The first time I met Frank, he was strangling a dog to death. “There are two kinds of pain,” he drawled. “The sort of pain that makes you strong, or useless pain. The sort of pain that’s only suffering.” In his grip, the dog died. And this is why I love Frank: he will stare you in the face while killing and say something smart.
My 14th episode of House of Cards was loading on Netflix and by now Frank Underwood and I were intimate friends. It’s an awkward relationship. He’s a fictional Machiavellian Democratic congressman, played by Kevin Spacey, who uses people’s weaknesses as stepping stones in his rise to power. His wife Claire, played by a statuesque Robin Wright, heads a nonprofit and gives orders with a voice as icy as Antarctic wind. Together, this power couple moves through the halls of Washington, D.C., like a pair of sharks. But once in a while, Underwood looks at me and breaks the fourth wall, that imaginary divide between performer and audience, to explain his actions and guide me deeper into his maze.
Most narratives have a cathartic pleasure, an emotion purged through a conflict the protagonist is engaged in, a fear exorcised by his or her triumph. So what is the pleasure of House of Cards, now in its second season, drawing nearly 5 million viewers and a cult following in the nation’s capital? Real-life politicians act out scenes from the series in online homage, imitating Spacey’s menacing Southern drawl. Conservative and progressive groups both reference it with glee. The reason is simple. Underwood taps into our inner authoritarian desires; he lets us experience, briefly, the joy of being cruel.
The show is a modern version of the palace intrigue, a genre of tragedy older than Shakespeare’s Macbeth. Set in a somber D.C. lit with blues and grays, House of Cards begins with Underwood as the House majority whip who helps presidential candidate Garrett Walker get elected in exchange for the post of secretary of state. When Walker takes office and denies him the position, Underwood begins his drive for power. Cringing, we watch in sick fascination as he breaks every rule of morality in the pursuit of vengeance. The closer Underwood gets, the longer the trail of ruined lives behind him.
Binge-watching the series, my eyes dry as marbles, I saw Underwood looming larger and larger as he lied, cheated and killed his way to the vice presidency. Set against a neo-noir backdrop of dark rooms, dark rainy nights and the beige halls of the West Wing, the actors strike iconic poses of power and addiction, cruelty and submission. The camera frames each scene like a classical painting. We see Underwood shaking hands with those he just betrayed, doling out addictive doses of prestige and handing a man a razor to kill himself.
Again and again, he maneuvers himself back to the top as the political terrain shifts beneath him. And that’s the joy of it: in him, we champion competent evil. Usually villains embody illicit desire; they kill, steal, rape, plunder and manipulate others with a sparkle in their eyes. Yet however fascinating they are, they cross a line that disturbs us and we want them to die at the hero’s hands. But in House of Cards, the villain is the hero. Crossing ethical lines drives the plot forward and the tension higher. The question at the core is, will evil be rewarded?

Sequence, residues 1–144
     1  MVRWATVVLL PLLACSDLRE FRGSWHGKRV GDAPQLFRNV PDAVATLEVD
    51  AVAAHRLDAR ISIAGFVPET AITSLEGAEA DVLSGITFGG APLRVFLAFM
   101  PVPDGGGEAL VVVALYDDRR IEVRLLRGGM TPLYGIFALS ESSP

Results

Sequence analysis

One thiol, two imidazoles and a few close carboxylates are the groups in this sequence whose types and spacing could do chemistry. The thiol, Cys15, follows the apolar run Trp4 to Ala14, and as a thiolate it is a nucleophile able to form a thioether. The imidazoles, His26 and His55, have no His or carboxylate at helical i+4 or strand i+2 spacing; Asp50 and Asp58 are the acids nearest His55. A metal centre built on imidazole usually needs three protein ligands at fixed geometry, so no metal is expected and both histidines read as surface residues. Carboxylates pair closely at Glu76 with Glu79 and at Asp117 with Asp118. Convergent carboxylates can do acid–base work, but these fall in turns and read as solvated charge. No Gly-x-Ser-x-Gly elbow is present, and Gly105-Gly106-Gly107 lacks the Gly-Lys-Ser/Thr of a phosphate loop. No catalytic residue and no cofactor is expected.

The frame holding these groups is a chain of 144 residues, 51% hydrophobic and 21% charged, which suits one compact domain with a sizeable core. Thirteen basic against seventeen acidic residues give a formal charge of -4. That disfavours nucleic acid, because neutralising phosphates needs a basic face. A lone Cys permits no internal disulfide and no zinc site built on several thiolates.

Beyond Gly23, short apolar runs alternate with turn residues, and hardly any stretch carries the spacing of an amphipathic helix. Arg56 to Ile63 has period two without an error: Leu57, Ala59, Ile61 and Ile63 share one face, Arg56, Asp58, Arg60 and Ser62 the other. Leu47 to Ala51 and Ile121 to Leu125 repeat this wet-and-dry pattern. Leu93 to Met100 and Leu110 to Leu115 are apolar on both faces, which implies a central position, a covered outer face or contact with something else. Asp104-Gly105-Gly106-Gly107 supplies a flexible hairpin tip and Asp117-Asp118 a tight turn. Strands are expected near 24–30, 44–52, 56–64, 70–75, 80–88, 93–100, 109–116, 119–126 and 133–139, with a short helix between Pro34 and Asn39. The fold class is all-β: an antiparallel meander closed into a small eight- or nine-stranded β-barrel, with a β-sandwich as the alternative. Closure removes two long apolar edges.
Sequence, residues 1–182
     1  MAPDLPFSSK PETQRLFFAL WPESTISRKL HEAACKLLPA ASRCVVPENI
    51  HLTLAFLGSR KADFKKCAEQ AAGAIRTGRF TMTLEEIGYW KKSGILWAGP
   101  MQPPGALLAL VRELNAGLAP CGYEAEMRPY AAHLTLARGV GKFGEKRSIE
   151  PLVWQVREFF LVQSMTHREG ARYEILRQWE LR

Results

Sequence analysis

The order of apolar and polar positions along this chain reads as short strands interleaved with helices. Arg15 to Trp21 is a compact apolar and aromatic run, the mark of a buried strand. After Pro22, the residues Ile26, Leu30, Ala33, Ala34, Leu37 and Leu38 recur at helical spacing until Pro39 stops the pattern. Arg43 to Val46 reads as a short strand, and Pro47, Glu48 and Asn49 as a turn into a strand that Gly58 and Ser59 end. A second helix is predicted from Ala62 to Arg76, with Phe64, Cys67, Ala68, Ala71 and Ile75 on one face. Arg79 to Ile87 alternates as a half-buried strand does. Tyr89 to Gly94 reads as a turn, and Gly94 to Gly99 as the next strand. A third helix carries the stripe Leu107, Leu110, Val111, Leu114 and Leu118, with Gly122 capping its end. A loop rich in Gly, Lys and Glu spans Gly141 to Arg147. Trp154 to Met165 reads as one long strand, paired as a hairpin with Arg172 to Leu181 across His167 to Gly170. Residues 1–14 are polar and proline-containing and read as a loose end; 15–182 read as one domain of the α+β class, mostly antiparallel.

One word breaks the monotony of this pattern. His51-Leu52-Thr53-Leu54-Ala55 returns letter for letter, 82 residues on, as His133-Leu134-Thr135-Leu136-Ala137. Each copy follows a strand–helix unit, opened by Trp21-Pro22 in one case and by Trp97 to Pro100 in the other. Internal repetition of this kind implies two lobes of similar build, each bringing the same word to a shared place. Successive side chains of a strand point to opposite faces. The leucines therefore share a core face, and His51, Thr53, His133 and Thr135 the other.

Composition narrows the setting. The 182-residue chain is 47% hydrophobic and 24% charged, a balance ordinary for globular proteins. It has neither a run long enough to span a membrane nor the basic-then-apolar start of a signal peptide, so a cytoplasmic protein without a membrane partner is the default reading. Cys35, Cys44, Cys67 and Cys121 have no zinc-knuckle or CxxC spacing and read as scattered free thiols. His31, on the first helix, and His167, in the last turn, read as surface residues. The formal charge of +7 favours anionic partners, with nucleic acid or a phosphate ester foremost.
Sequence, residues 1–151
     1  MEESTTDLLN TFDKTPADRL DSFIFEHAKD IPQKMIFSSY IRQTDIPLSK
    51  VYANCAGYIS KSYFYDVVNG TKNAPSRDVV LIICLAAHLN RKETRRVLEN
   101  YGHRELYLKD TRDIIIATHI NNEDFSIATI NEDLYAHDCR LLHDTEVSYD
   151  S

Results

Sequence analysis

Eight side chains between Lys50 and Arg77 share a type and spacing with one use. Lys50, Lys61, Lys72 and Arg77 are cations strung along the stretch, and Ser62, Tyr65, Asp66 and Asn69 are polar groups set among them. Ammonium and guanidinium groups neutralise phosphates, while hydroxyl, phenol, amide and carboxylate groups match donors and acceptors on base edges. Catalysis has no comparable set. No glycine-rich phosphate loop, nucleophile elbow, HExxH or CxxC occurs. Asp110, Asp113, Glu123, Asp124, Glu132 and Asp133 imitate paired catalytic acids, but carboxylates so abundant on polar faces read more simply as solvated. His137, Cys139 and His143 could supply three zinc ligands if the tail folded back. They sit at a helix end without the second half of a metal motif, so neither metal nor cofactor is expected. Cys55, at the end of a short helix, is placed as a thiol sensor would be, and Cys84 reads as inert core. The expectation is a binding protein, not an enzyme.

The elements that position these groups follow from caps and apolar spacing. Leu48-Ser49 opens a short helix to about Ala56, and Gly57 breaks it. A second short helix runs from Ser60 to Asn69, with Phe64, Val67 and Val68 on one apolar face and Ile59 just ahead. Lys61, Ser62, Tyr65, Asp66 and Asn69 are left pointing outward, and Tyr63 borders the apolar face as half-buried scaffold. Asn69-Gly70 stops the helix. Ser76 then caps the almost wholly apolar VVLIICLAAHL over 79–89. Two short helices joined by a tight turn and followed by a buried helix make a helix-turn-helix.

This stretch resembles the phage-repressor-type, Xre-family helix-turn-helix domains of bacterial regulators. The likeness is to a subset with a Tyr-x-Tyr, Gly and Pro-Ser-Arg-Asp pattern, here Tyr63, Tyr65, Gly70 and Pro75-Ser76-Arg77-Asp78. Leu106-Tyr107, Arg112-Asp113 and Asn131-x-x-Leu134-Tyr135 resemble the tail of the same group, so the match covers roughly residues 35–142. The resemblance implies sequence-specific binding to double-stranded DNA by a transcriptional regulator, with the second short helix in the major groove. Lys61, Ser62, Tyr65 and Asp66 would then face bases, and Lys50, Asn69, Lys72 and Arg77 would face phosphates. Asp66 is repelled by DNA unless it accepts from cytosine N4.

At this point the question can’t be answered. The suspension of disbelief snapped. Since the logic of the show demanded the tension intensify as the increasing violence of Underwood’s secret life overlapped with his public role, it may have been inevitable that he became a caricature of evil. He’s not remotely human, but rather a stock-in-trade serial killer whose uniqueness comes from being the vice president. It’s an adolescent view of evil that, as Hannah Arendt showed in Eichmann in Jerusalem: A Report on the Banality of Evil, misses its far more destructive form. In watching Underwood, essentially a dandy psychopath whose personality is both reptilian and flamboyant, we focus on a character instead of a system. And we miss the bigger picture of how institutional logic, social roles and self-justification create state-sponsored terror. We maintain our blindness to how normal people lead institutions like our military into war, or worse.
Another reason the question of whether evil will be rewarded is irrelevant is that it already has. Even if Netflix renews House of Cards for another season and at the end, Underwood is cornered and caught, we will have voyeuristically been pleasured with his crimes. We have 26 episodes from two seasons to watch over and over, savoring his deadly charm, how he throws a reporter under an oncoming train or leaves a man to die from carbon monoxide poisoning as he lies drunk and unconscious in a car with the engine running.
His evil is rewarding to us because it purges us of a fear rising in America, the fear of our own powerlessness. As the economy stumbles from quarter to quarter, as a great divide splits the nation into the many poor and the wealthy few, as Russia claims Crimea and China claims whole swaths of sea, as Washington stands paralyzed and Wall Street surges, a great pessimism has swept over us. It has been reflected in the apocalyptic movies and dark, grim shows like The Walking Dead and Game of Thrones, which throw their characters, our stand-ins, into a frenzied state of helplessness.
And onto the scene comes Francis Underwood, our hero, our gangsta, a man empty of ideological content who has no agenda and no goal except his own glory. He transforms the anxious desire for power into a fascinating spectacle of its fulfillment. And that’s why House of Cards is a sign of a renewed American optimism. In its fictional universe, unlike in our real lives, we finally win — even though the victory leaves blood on our hands.